You should probably use Gradle from the start, because if your build is ever going to get more complex than "compile all my shit at once and produce a JAR/WAR", you will start to hate Maven and its XML files pretty quickly.


  • Winner of the 2016 Presidential Election

    @jaming said:

    I'd use Java. It is super trivial to create a REST service in Java.

    I'd say yes, except Raspberry Pi...



  • it's not so bad. it almost feel like doing haskell, but without the cool language constructions to support it :stuck_out_tongue:



  • Still running... Still no output.

    Edit:


  • Discourse touched me in a no-no place

    @ben_lubar said:

    Still running... Still no output.

    So how long, Señor Quixote, do you intend to keep that running?





  • @ben_lubar said:

    Still running... Still no output.

    Edit:

    How do you go that long without upgrading a video card or HD or something?



  • It's on a Core 2 Duo and it doesn't use any disk IO or GPU stuff.



  • Wait, do you mean the uptime thing? It's because it's Linux and it can stay running when parts of it get updated.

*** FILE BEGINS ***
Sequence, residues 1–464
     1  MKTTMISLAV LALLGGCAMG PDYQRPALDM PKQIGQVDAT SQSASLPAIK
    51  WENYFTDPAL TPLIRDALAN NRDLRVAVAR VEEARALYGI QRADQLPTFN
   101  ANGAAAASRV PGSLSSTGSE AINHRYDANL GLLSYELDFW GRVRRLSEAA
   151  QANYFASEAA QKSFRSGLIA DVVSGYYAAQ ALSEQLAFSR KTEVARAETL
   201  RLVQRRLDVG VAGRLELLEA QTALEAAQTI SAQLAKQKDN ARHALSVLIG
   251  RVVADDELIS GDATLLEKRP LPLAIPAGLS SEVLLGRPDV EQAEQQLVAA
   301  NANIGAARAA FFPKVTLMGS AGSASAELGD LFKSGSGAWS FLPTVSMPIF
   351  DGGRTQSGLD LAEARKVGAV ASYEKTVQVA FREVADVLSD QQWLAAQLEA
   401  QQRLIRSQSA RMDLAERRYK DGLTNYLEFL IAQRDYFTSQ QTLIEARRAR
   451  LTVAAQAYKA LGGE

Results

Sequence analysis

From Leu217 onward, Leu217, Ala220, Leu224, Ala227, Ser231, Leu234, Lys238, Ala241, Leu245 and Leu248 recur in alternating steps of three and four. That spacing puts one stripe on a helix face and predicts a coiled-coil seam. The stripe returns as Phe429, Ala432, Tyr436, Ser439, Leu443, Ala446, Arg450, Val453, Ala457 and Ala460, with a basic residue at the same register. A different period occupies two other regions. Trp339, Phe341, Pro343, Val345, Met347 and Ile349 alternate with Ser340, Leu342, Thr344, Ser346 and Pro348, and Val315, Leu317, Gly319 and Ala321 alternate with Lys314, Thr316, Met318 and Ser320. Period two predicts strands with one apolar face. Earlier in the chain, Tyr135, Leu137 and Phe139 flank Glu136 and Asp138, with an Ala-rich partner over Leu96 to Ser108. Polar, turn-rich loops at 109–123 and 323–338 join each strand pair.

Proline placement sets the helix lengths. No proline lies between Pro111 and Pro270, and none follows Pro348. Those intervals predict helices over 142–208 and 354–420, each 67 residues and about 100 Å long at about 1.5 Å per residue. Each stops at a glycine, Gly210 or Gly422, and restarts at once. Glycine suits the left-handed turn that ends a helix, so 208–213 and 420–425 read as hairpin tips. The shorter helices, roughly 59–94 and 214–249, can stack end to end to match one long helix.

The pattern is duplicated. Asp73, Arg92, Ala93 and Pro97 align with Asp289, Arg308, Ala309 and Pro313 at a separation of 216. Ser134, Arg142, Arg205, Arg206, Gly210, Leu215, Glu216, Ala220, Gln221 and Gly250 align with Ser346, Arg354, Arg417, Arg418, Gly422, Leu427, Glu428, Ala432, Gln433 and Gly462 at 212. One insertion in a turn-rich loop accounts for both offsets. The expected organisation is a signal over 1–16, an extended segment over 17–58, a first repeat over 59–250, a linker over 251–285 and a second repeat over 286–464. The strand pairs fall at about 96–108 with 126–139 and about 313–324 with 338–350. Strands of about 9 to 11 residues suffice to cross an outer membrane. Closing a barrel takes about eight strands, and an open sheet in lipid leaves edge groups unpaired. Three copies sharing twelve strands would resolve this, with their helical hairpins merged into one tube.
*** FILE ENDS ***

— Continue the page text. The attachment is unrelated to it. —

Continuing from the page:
• Go actually has tutorials that are writing a simple HTTP server.

    You start it like this:

    package main
    
    import (
      "encoding/json"
      "net/http"
      "net/url"
    )
    
    type FooResponse struct {
    	Id, Count int
    	Name string
    }
    
    func fooDirectoryHandler(w ResponseWriter, req *Request) {
    	// code for /foo/* goes here....
    
    	var resp FooResponse
    	resp.id = 3; resp.count = 5; resp.name = "Example"
    
    	enc := json.NewEncoder(w)
    	enc.Encode(resp)
    }
    
    func main() {
    	http.Handle("/foo/", fooDirectoryHandler)
    
    	http.HandleFunc("/bar", func(w http.ResponseWriter, r *http.Request) {
    		fmt.Fprintf(w, "Hello, %s", html.EscapeString(url.QueryUnescape(r.URL.Path)))
    	})
    
    	log.Fatal(http.ListenAndServe(":8080", nil))
    }
    


  • @riking said:

    fmt.Fprintf(w, "Hello, %q", html.EscapeString(r.URL.Path))

    Why are you Go-escaping an HTML-escaped URL-escaped string?



  • @riking said:

    Go actually has tutorials that are writing a simple HTTP server.

    Yeah, but then you're using Go. :frowning:



  • @ben_lubar said:

    Why are you Go-escaping an HTML-escaped URL-escaped string?

    Fixed

    also, added package main, it's now a complete program

    @loopback0 said:

    Yeah, but then you're using Go.

    zoom zoom coroutines multithreading



  • You're still Go-escaping it for no reason.



  • Anyways, the point is, you can run this program on Linux or Windows.

    $ GOOS=windows go build
    $ go build
    $ ls
    webserver webserver.exe webserver.go